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AG Nessel Notifies Local Governments They Must Act by September 6 to Receive Opioid Settlement Funds

LANSING – Michigan Attorney General Dana Nessel is urging eligible municipalities to voluntarily participate in the Walgreens National Opioids Settlement that would bring up to $338 million to Michigan over 18 years.

The participation cutoff date for local governments to receive direct payments is Wednesday, September 6, 2023, which is the Wednesday after Labor Day.

“This settlement puts Opioid remediation dollars directly into affected communities all across Michigan to combat the devastating Opioid epidemic, but only if the local governments sign-on to participate," said Nessel. "In this way we are able to hold accountable a company responsible for harm to our families and communities, who reaped the benefits of this epidemic by putting profits over people. I encourage every eligible municipality to participate in the settlement so that their residents can receive the much-needed funds for Opioid use prevention and remediation.” 

Attorney General Nessel reached a $338 million settlement with Walgreens earlier this June. She sued Walgreens in the Wayne County Circuit Court for Walgreens’ role in Michigan’s Opioid epidemic, alleging that Walgreens created a public nuisance and violated the Drug Dealer Liability Act.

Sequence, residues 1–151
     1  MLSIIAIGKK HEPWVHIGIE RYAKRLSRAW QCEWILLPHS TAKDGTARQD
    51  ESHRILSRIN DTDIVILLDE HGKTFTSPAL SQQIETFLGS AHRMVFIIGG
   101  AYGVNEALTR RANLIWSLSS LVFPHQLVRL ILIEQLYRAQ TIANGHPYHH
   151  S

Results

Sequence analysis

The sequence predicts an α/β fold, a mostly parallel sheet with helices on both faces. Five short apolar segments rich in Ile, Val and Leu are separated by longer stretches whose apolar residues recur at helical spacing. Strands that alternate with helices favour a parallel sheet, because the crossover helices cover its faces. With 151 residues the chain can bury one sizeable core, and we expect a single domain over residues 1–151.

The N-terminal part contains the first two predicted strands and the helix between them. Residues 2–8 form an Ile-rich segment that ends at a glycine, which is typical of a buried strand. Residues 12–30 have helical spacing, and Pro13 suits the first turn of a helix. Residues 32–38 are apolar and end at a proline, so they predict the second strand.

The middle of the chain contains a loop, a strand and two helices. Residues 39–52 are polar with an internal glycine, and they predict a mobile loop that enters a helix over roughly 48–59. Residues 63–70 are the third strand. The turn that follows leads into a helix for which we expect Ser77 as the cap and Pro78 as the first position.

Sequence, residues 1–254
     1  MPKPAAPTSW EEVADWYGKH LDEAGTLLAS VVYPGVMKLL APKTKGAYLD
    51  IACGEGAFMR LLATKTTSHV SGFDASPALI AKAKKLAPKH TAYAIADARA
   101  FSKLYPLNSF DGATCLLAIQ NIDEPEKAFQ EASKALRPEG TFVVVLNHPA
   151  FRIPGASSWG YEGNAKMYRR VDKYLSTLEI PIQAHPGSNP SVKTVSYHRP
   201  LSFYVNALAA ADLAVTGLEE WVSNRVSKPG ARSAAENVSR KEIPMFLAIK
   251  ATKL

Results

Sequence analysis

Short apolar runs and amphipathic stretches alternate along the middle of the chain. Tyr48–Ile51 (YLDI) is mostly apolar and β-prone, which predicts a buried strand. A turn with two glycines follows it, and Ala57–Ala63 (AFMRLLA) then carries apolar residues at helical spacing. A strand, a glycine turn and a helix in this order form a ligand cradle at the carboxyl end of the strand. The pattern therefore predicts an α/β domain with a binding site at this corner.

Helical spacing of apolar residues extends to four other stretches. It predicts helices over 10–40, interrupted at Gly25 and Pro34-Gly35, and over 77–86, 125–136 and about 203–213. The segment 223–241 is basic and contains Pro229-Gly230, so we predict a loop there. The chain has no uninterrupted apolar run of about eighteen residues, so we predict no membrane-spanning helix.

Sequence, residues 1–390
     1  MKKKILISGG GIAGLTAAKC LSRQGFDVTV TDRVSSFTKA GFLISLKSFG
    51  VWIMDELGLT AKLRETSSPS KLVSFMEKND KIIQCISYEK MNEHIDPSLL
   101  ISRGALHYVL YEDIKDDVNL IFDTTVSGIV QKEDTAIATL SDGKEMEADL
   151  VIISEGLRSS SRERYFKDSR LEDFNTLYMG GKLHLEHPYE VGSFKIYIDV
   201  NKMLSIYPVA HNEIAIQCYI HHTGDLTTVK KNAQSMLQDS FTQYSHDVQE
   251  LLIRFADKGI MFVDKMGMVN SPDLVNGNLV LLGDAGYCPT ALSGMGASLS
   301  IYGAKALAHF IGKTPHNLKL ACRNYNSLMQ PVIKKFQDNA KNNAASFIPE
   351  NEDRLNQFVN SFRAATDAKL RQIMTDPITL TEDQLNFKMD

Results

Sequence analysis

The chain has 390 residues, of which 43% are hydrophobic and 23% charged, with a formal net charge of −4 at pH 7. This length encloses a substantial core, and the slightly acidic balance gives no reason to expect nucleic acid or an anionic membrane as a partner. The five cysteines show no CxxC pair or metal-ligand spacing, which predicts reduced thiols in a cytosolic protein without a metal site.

Michigan’s Walgreens settlement requires that Michigan join the Walgreens National Opioids Settlement. The settlement allows 278 local units of government in Michigan - called subdivisions in the settlement agreement - to participate. The Department of Attorney General has a full list of eligible subdivisions on its website.

Eligible subdivisions that have not completed participation forms may email the Department for additional instructions before the September 6 deadline to participate and receive direct payments.

Michigan stands to receive up to $338 million over the life of the settlement, which is dependent, in part, on the participation of local governments. Spending priority would be placed on treatment and prevention.

Since taking office, AG Nessel has prioritized combatting the Opioid epidemic. To date, AG Nessel has joined seven other nationwide Opioid settlements, resulting in over $1.5 billion to Michigan governments.


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